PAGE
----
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VPOTUS Swears In Ambassador-Designate to Ireland Kevin O’Malley

— Domani Spero
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Photo of the Day: VPOTUS Swears in Bruce Heyman as U.S. Ambassador to Canada

— Domani Spero

 

Vice President Joe Biden swears in Bruce Heyman as the U.S. Ambassador to Canada at the U.S. Department of State in Washington, D.C., on March 26, 2014. [State Department photo/ Public Domain]

Vice President Joe Biden swears in Bruce Heyman as the U.S. Ambassador to Canada at the U.S. Department of State in Washington, D.C., on March 26, 2014. [State Department photo/ Public Domain]

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Introducing Mike Hammer — No, Not Mickey Spillane’s, Esto Se Habla Español

— Domani Spero

Via State/IIP

“Este vídeo ha sido producido por la Oficina de Programas de Información Internacional del Departamento de Estado de Estados Unidos en marzo de 2014. En él se presenta el embajador de Estados Unidos en Chile, Mike Hammer.”

Ambassador Hammer is a career member of the U.S. Senior Foreign Service and entered the diplomatic corps in 1988. He has served abroad in Bolivia, Norway, Iceland and Denmark. In the Department he is known as “Mike” and has served in the Operations Center and as special assistant to the Under Secretary for Political Affairs. He has received several awards in his career, including the Department’s Edward R. Murrow Award for Excellence in Public Diplomacy.  He is fluent in Spanish and speaks French and Icelandic.

He was confirmed by the U.S. Senate in early March just in time to be at post during Vice President Biden’s official visit to Chile.

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Photo of the Day: Man on a Mission

— Domani Spero

Via @VP

Screen Shot 2014-03-18

Vice President Joe Biden, joined by US Ambassador to Poland Stephen Mull or @SteveMullUSA to the Twitterati, arrived in #Poland on March 18, 2014 to discuss the situation in #Ukraine with regional leaders.
(Photo via @VP)

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AFSA Memorial Plaque Ceremony Adds Eight Names to Wall of Honor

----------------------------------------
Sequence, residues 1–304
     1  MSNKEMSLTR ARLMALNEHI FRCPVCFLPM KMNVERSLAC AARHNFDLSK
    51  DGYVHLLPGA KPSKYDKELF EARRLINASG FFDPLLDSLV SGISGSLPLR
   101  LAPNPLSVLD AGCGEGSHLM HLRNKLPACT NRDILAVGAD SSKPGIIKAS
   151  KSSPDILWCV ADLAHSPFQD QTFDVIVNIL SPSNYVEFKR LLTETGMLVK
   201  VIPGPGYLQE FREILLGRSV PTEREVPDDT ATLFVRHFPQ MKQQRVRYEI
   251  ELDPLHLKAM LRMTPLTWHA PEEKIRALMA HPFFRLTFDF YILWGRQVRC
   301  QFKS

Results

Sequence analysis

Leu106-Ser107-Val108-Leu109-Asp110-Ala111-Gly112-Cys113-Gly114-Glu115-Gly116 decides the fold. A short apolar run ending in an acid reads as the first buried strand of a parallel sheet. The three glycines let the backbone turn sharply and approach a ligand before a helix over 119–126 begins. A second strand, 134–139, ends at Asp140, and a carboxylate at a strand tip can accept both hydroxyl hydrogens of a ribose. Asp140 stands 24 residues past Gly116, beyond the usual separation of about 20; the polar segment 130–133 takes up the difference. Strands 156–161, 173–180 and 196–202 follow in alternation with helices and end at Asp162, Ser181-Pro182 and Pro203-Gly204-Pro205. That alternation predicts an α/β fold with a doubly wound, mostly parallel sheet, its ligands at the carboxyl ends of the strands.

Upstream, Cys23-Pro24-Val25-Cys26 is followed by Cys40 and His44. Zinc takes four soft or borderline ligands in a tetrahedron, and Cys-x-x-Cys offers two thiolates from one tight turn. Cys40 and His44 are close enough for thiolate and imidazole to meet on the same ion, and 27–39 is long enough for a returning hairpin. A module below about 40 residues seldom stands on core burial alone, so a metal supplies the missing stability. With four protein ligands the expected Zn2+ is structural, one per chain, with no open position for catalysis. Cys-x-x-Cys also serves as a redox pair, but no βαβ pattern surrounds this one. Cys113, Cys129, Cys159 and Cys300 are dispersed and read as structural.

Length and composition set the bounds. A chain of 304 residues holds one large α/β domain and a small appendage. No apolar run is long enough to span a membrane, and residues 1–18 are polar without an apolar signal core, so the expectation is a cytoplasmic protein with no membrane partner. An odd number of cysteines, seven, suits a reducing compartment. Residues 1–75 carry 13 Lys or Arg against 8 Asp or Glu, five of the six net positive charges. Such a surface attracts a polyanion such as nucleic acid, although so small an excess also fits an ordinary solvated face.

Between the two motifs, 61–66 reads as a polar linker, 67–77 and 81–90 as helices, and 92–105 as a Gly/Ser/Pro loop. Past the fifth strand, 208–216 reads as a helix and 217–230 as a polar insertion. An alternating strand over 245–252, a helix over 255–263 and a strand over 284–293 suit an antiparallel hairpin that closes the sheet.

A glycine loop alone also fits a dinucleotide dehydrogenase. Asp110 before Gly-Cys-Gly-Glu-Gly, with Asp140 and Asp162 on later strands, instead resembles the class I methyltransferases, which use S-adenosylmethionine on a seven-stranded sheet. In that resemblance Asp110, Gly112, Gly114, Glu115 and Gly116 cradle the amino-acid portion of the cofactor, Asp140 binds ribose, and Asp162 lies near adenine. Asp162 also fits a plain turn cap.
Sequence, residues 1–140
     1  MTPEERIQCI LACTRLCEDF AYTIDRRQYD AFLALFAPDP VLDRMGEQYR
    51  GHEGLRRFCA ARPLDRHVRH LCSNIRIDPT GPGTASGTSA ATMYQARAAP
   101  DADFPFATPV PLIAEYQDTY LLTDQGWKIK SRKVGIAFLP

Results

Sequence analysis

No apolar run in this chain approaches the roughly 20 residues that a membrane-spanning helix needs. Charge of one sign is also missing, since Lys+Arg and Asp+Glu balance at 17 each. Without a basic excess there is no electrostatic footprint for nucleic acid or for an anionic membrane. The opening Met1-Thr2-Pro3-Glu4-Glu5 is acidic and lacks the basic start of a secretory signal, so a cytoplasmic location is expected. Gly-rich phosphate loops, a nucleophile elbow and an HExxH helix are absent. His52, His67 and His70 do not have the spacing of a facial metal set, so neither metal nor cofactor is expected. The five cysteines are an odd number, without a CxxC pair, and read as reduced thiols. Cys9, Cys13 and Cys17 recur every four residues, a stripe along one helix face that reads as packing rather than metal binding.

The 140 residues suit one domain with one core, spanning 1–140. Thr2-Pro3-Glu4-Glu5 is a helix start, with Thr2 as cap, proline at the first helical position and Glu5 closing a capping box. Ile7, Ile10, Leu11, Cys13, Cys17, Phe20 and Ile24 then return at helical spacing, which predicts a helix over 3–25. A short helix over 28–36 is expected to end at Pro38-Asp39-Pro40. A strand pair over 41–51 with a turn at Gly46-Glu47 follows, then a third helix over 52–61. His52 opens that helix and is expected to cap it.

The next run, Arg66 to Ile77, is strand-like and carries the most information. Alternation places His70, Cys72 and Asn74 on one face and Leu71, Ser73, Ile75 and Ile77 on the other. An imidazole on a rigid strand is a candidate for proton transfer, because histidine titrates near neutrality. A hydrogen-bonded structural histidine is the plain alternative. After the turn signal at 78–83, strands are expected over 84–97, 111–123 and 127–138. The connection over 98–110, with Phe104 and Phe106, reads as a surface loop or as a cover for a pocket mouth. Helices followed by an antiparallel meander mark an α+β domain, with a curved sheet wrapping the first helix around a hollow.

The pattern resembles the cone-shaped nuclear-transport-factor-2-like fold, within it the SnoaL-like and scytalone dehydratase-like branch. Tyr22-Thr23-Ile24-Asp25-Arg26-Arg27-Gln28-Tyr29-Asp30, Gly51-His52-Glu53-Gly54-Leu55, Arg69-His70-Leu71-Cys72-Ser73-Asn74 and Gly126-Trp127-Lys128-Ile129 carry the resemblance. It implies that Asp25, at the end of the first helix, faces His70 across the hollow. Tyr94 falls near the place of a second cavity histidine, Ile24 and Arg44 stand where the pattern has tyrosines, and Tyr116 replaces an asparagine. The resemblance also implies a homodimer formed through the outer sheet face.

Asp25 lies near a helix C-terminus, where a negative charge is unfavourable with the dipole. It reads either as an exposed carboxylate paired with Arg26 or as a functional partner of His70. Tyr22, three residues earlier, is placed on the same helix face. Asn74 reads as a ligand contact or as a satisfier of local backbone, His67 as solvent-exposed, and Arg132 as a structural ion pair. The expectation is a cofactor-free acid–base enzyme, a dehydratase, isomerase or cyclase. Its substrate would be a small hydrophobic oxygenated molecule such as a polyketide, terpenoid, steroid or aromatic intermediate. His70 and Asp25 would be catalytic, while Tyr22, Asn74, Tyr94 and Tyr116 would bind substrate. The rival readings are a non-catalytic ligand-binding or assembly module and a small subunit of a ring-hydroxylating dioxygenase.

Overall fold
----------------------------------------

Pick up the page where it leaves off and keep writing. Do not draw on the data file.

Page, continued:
AFSA’s Memorial Plaque Ceremony was held at the State Department today.  The ceremony was attended by Vice President Joe Biden, CIA Director Brennan, USAID Administrator Shah and Secretary Kerry who delivered his remarks here.  Excerpt:

The most important thank you that we can all give – and we do – is to the family members. I know this is a mixed day. It’s a hard day. It’s a day that brings back pain, but it’s also a day, I hope, of comfort and of pride in knowing that the contributions and the memories of your loved ones are a permanent part of the State Department, as strong as the marble which will carry their names for eternity.

Today we add eight names to our wall of honor, eight people who dedicated their lives to service. And to a person, each one sought out the most difficult assignments. They understood the risks, and still they raised their hands and they said: “Send me.”

U.S. Secretary of State John Kerry, U.S. Vice President Joseph Biden, and American Foreign Service Association (AFSA) President Susan R. Johnson honor foreign affairs colleagues who have lost their lives while serving overseas in the line of duty or under heroic or other inspirational circumstances, at the AFSA Memorial Plaque Ceremony at the U.S. Department of State in Washington, D.C., on May 3, 2013. [State Department photo/ Public Domain]  Click on image to view video of the ceremony.

U.S. Secretary of State John Kerry, U.S. Vice President Joseph Biden, and American Foreign Service Association (AFSA) President Susan R. Johnson honor foreign affairs colleagues who have lost their lives while serving overseas in the line of duty or under heroic or other inspirational circumstances, at the AFSA Memorial Plaque Ceremony at the U.S. Department of State in Washington, D.C., on May 3, 2013. [State Department photo/ Public Domain]
Click on image to view video of the ceremony.